Speaking of being lured to places, another experience I had of this was taking the train to St. Ives, a coastal community in Cornwall, England’s western tip. It was here that I found the lighthouse from To the Lighthouse by Virginia Woolf. Woolf lived in London but spent summers in St. Ives as a child. She wrote to a friend, “I could fill pages remembering one thing after another that made the summer at St. Ives the best beginning to a life conceivable” (qtd. in New York Times, 2018). Like Hardy, Woolf kept returning to this place of her childhood as an adult and used it as the basis for several novels. Having read To the Lighthouse in a Vassar class on Modernism, I was interested to see the place, but once there, the best part was the art museum, where the galleries were filled with the paintings of artists who came to St. Ives amidst the world wars and used the secluded seaside location to both escape and grapple with what they had experienced elsewhere. Sometimes authors and artists are inspired by the goings on in the places they are in, and sometimes they are inspired by going somewhere totally removed from the experiences they are working to express. Thanks to Virginia Woolf, St. Ives showed me that.
Virginia Woolf was a city kid who fell in love with a secluded place, which is the story of Beatrix Potter as well. Beatrix Potter is the author and illustrator of Peter Rabbit and dozens of other whimsical children’s tales. It’s hard to imagine these country animal stories being written by a woman who lived most of her life until she was in her mid-30s in the wealthiest area of London, but they are. I got to visit the little house Beatrix Potter bought in the lake district in northern England, in the center of a farming village. As I walked through it, I kept coming across her little books placed by the top of the stairs, the study window, the front room mantel. They were each left open to a page that looked strangely familiar. Looking closer , I could see that in the illustrations were the exact rug I was standing on, or the path I could see out the window, or the curve of the stair banister, just with an anthropomorphic mouse or rabbit or kitten occupying the space too.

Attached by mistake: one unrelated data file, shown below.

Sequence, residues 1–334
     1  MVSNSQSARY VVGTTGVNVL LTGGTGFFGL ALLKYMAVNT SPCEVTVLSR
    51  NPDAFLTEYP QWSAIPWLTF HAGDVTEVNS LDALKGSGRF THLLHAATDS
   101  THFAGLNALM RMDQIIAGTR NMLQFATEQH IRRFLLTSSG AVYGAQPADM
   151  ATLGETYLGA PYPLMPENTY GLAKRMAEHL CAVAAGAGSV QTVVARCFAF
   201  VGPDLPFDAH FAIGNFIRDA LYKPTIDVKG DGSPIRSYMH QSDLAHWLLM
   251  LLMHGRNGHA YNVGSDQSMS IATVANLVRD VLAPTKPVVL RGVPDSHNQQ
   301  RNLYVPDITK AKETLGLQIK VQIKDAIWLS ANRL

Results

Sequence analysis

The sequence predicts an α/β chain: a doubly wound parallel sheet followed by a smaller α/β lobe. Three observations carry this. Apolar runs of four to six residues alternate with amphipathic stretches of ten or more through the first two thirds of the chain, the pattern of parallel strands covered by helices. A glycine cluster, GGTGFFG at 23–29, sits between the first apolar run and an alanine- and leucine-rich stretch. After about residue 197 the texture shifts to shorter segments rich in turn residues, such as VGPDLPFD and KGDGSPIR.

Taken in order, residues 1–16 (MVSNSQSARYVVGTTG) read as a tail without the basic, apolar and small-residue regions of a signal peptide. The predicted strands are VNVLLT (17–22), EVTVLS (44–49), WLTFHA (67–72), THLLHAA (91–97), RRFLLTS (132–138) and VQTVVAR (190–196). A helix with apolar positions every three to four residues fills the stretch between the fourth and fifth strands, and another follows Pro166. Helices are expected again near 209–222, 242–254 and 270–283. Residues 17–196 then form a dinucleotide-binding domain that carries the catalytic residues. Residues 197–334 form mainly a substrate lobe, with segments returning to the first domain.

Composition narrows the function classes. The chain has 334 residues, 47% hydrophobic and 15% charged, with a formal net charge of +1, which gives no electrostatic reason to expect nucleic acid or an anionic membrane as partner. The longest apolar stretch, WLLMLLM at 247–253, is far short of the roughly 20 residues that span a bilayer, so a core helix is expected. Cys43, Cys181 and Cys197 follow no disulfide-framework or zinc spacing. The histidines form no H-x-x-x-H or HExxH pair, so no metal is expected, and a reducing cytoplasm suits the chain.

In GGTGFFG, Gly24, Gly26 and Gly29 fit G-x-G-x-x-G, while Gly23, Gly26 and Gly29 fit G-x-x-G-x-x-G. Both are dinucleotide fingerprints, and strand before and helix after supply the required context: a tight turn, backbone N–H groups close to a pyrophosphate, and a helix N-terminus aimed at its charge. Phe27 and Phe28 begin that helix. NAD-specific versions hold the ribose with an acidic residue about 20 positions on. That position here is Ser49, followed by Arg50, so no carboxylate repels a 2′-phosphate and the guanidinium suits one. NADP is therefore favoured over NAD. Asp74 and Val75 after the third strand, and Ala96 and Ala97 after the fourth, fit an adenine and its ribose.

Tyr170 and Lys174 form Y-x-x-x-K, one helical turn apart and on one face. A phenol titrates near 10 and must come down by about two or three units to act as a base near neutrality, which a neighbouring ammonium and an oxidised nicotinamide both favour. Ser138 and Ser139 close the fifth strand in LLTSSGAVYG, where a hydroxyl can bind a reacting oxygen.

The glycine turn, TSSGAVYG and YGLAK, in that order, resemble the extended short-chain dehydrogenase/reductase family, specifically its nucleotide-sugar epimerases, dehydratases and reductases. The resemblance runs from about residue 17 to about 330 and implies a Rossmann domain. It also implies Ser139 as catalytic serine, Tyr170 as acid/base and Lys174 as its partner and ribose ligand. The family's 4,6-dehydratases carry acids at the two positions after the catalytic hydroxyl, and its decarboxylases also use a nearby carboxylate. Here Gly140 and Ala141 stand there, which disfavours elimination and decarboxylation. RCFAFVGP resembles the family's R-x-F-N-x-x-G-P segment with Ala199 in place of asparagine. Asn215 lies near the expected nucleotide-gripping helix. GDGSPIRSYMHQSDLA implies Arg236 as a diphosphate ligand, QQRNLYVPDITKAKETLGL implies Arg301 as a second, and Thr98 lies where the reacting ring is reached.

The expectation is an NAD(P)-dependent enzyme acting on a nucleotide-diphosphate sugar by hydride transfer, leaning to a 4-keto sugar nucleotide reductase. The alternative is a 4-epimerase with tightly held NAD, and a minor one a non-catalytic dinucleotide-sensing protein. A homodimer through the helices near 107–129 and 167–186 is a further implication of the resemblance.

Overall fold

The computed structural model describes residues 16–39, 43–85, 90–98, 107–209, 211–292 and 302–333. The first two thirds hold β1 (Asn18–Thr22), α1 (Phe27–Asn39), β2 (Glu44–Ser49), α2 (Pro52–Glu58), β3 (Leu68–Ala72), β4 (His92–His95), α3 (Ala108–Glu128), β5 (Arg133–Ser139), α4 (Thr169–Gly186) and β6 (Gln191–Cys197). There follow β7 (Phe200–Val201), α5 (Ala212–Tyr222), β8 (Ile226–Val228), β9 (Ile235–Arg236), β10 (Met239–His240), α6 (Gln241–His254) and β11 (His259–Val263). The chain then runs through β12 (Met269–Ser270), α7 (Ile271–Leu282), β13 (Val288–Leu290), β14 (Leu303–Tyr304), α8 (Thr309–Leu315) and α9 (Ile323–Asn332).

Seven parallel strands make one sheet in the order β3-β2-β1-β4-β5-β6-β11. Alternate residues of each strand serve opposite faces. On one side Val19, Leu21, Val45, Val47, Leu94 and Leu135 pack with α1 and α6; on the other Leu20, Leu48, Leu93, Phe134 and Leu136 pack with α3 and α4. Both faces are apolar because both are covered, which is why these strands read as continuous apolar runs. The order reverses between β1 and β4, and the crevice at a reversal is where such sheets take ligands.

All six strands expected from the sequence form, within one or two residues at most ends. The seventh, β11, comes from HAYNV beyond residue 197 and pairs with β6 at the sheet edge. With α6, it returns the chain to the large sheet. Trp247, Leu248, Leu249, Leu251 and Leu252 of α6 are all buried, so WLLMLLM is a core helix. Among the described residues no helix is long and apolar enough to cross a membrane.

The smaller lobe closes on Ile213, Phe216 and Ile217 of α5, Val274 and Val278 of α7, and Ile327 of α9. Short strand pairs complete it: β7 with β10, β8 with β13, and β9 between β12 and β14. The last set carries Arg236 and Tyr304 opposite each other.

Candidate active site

Potter once wrote, “I’m not an artist, I’m a copier” for a reason (Hilltop House National Trust Guide, 2018). Every scene she drew came straight from what she saw. Walking through the village, I could recognize buildings and streets and trees that made it into her illustrations. Locals told me that Beatrix Potter’s neighbors loved it when their houses made it into her books, and squabbled over whose cat was really Tom Kitten. When I was there, the townspeople still proudly pointed out to me their own gardens or shops in the pages. The lake district and farm life meant everything to Beatrix Potter, and her children’s books were just one way she showed that. They were not just books for children though, I came to realize through my visit. they were also for the farming community then and now, capturing and cherishing the places of their everyday lives in a way our city-centered society never would.
These are just three examples, but I think any former dwelling place of an artist or author can reveal something new about who they were and the motivations behind their writing. It definitely taught me. More than that, by exploring these locations and talking to the people who still live there, I now have a better understanding of the impact these authors’ and artists’ works have on the people who live in these places, and on how these places are understood by those who visit them now.